RV!: The American (2010) Dir: Anton Corbijn Date Released: September 2010 Date Seen: November 27, 2010 Rating: 4/5
Both of Anton Corbijn's films are about slippage and its opposite. If you can fault them with anything, it's with being too over-determined. I wouldn't however because that's why I love both The American and Control so much. They're both works about artists--and George Clooney's character in The American is an artist after a point --that can't necessarily be in control of their circumstances that are also both directed by an artist haunted by that same fruitless search for perfection. To follow that imperative slavishly is not an option, it's a necessity as The American's Jack Clarke (Clooney) says in hitman-ese: "I do what I'm good at." Because everybody thinks they know who Clarke is as soon as they see him and they don't. Because even he doesn't know. Clarke is not defined by what he does irregardless of how how much the film's narrative supports that idea.
Take for instance the film's presentation of Clarke's nationality: it's an amorphous identity, one that varies based on the context of his relationships. Once Clarke's fled to Italy, he encounters a culture that is alternately confused and adamant that they know exactly who he is. A local corrects Clarke when he clumsily describes himself as "Il Americano." "No, no," the man say. "L'Americano! L'Americano!" Being American is not a possessive title ("Il") but rather a singular identity ("Le"). Clarke does not embody every American but rather is the only American there. The Italians in The American don't know what an American is--it's simply beyond their collective knowledge. So they can only anticipate his actions based on what they know from pop history.
Pop culture and signifiers stand in for American-ness throughout The American. They're intentionally impossible to miss: Clarke orders an Americano coffee when he meets a contact at a local outdoor cafe, is greeted later by a radio blaring "Tu Vuo Fa L'Americano" and even looks on as a local store owner watches Once Upon a Time in America ("Sergio Leone," the shop-keeper proudly announces to Clarke. "Italiano."). These reflections of Clarke are being projected onto him and only make it easier for people to confuse him for what he does. That's the way Clarke likes it and so that's the deceptively indulgent way that Corbijn depicts him: as a composite character.
There is no fixed reference point that confirms that Clarke is who they think he is, no clear sense that any character actually knows empirically what they tell us they know or are who they they identify themselves as. Everything is in flux until Clarke latches onto something that suits his self-fashioned. For instance, pay attention to who speaks first and in what language during Clarke's talk with Fabio (Filippo Timi), a local Italian mechanic. Fabio can speak English but responds to Clarke in Italian. Clarke reciprocates by only speaking English until he makes the first move by speaking Italian outside of the garage. Even after their introductory remarks, neither man is relaxed. Only after a few more exchanges in their respective native tongues do they start to fluidly swap languages, going back and forth in English and Italian. It's as if being inside the garage, surrounded by Fabio's tools--tools that Clarke examines, mind you--allows Clarke to tentatively accept the idea of making a professional bond.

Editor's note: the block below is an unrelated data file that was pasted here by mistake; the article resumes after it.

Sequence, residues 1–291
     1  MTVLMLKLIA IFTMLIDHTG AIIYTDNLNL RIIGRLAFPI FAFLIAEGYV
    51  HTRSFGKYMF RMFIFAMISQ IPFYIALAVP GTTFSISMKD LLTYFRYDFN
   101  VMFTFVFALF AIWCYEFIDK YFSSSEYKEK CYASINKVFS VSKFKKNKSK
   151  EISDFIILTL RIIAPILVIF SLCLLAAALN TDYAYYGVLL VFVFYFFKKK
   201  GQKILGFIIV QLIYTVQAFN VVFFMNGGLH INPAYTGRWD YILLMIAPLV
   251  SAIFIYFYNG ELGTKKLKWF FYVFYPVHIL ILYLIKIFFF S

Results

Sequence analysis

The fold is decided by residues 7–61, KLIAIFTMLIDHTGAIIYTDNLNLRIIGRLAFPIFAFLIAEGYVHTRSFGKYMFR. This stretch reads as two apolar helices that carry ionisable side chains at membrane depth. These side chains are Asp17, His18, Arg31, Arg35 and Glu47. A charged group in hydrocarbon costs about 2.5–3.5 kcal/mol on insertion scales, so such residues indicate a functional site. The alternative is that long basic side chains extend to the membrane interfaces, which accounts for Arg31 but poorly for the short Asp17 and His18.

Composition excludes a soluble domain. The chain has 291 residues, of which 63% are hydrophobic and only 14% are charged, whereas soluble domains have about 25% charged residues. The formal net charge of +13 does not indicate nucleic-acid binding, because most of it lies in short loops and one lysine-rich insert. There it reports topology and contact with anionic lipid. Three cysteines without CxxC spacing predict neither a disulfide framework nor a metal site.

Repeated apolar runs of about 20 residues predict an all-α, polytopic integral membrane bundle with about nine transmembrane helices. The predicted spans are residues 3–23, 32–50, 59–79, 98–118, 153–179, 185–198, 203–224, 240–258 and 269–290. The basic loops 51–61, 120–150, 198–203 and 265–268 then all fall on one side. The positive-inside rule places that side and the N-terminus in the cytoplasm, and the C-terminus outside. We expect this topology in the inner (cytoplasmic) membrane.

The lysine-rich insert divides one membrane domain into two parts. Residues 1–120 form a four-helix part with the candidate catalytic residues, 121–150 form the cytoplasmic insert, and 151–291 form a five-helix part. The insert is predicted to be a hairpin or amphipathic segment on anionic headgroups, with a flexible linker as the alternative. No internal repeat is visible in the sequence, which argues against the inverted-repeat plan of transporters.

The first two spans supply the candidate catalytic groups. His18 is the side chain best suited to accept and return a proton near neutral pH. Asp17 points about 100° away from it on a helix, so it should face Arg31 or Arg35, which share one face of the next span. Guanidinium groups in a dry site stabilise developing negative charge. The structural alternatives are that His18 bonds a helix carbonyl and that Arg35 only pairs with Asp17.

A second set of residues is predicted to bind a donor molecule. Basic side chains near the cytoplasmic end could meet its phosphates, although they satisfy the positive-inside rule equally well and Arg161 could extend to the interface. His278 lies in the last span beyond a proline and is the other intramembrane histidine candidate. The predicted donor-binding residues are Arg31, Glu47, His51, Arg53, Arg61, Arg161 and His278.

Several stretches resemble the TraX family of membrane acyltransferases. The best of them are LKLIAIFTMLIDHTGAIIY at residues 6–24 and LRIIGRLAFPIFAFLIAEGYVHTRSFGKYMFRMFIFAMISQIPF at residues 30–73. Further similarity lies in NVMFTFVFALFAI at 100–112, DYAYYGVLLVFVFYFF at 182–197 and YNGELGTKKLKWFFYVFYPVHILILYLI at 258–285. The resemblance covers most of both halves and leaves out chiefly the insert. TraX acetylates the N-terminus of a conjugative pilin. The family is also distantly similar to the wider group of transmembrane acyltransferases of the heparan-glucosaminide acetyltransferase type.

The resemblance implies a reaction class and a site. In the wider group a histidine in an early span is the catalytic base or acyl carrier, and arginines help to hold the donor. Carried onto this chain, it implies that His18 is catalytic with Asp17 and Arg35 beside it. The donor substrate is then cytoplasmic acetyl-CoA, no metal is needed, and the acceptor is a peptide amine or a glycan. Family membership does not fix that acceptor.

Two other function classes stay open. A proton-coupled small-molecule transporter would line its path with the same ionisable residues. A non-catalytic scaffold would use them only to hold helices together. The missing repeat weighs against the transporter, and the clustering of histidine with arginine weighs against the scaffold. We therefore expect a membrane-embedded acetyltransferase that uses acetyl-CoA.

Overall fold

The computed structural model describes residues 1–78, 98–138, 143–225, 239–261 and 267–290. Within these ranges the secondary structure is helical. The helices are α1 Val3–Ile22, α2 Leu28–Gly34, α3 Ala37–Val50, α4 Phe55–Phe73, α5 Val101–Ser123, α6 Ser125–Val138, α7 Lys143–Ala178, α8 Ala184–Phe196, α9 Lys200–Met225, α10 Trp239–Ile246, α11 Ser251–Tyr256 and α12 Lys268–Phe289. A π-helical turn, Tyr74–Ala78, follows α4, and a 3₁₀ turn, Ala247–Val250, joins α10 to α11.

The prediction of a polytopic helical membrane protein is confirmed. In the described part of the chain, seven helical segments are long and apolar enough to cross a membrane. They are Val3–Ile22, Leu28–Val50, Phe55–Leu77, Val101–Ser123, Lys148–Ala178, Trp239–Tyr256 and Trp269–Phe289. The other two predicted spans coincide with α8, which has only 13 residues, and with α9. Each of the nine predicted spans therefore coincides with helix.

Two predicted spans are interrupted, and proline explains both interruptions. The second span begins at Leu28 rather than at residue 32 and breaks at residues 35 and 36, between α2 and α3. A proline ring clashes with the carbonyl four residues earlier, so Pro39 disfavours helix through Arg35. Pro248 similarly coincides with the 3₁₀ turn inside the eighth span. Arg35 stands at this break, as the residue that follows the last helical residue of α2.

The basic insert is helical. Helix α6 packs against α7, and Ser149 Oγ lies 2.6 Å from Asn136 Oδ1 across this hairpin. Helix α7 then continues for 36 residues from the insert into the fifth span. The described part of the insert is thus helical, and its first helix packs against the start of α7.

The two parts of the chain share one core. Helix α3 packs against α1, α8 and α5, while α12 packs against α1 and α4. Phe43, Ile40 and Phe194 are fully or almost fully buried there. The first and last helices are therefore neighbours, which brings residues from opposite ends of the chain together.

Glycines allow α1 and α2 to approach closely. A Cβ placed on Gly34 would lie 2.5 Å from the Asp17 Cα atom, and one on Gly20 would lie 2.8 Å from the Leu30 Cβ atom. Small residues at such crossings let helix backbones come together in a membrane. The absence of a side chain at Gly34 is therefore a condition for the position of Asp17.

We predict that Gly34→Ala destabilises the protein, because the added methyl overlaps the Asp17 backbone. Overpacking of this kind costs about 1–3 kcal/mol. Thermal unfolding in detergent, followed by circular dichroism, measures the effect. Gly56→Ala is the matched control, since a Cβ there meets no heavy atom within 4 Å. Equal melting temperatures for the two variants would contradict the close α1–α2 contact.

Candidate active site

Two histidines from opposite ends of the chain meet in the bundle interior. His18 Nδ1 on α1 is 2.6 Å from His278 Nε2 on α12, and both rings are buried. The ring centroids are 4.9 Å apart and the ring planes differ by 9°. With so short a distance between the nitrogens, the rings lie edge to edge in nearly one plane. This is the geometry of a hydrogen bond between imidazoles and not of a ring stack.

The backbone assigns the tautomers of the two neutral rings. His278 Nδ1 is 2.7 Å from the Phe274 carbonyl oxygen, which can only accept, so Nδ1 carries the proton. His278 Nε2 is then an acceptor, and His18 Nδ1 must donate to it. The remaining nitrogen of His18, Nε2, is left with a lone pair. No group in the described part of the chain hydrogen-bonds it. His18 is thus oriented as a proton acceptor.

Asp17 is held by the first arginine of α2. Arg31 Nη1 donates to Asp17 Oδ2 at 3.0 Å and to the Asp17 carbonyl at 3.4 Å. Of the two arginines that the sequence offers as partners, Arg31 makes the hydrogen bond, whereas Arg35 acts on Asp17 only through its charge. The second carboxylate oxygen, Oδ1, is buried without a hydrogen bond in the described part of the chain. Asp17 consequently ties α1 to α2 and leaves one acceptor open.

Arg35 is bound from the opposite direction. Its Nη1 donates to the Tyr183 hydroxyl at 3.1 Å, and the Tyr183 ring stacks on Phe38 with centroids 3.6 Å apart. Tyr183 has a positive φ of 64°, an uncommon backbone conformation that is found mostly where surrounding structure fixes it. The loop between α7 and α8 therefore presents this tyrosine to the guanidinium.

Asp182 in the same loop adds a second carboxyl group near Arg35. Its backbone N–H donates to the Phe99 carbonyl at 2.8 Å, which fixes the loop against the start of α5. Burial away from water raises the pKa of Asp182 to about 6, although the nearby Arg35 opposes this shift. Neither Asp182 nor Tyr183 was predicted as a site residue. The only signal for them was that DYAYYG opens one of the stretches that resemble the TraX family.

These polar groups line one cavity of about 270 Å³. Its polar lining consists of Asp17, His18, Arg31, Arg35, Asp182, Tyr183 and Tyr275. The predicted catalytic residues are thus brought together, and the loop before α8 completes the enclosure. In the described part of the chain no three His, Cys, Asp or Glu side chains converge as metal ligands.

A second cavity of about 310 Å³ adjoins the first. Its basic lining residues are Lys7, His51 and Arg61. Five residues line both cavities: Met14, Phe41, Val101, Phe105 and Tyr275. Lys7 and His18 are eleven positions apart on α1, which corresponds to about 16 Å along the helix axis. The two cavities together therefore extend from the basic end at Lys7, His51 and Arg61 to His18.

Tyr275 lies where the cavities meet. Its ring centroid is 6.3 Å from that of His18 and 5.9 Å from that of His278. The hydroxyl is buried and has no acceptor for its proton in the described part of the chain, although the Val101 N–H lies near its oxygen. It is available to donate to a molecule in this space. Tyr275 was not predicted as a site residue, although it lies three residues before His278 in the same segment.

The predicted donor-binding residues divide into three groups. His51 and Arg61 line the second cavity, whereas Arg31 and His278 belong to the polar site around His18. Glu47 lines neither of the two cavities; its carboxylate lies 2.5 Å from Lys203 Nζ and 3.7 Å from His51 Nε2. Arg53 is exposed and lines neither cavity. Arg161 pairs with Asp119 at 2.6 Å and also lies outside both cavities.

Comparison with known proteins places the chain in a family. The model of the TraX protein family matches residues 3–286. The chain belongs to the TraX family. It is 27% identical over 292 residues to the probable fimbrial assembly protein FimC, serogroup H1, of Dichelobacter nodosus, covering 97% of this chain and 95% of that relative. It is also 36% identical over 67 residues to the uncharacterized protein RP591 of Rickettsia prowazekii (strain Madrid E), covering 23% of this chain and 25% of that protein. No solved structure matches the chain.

Clarke does not follow through on that decision because something about Fabio doesn't sit well with him, something he doesn't understand until his walk in the park with Father Benedetto (Paolo Bonacelli). In this scene, it's implied that Fabio is an illegitimate son, one that cannot escape from the indifferent but watchful eye of Benedetto. Benedetto in that way brings out Clarke's need to live in the moment in order to flee his past: "You think you can escape history. You live for the present," Benedetto says playfully. "I try to, Father," Clarke replies grimly.
The implication that Benedetto is not exempt from the urge to be unburdened by his past establishes a number of things. Firstly, it proves that that behavior is not a uniquely American trait, as he posited earlier. Benedetto does after all confess to Clark that he's not sure if he's the one that sired Fabio: "I don't remember, signor. It was many years ago." The drive towards ahistoricity, flux and an untethered identity is part of the human condition according to Clarke and it's a behavior that Benedetto only serves to confirm. When Clarke grunts that, "All men are sinners, Benedetto adds that, "Those that seek peace have much sinning in their history."
Clarke's crisis always was, in that sense, a spiritual one. Physical sensations like his initially purely sexual relationship with Clara, Violante Placido's prostitute, are tempting but deceptive, a concept that sort of confirms Clarke's philosophy of life but only to a point. Clarke's state of mind is entirely of the minute so by investing in the immediacy of Clarke's self-determined present, Corbijn also confirms Benedetto's claim that his life is "hell'ish. Take the nightmarish repetition of shots and images in the film. It starts off benignly enough, like when we see the cobble stone steps of the town during the day, then later by night or how his exercise routine varies day by day. But then we're reminded of why that repetition of visual cues is a sign of Clarke's instability. He fears that history is repeating itself, like when Clara finds a bullet and says "Maybe the hunters are here." Clarke fears that the hunters in question are the same ones that left footprints in the snow in the film's opening sequence. When a butterfly flits by at the end of The American, it is and it isn't a facile confirmation of Clara's pet name for Clarke ("Mr. Farfalle"). The symbol is dead and its Clarke's belief in it that killed it.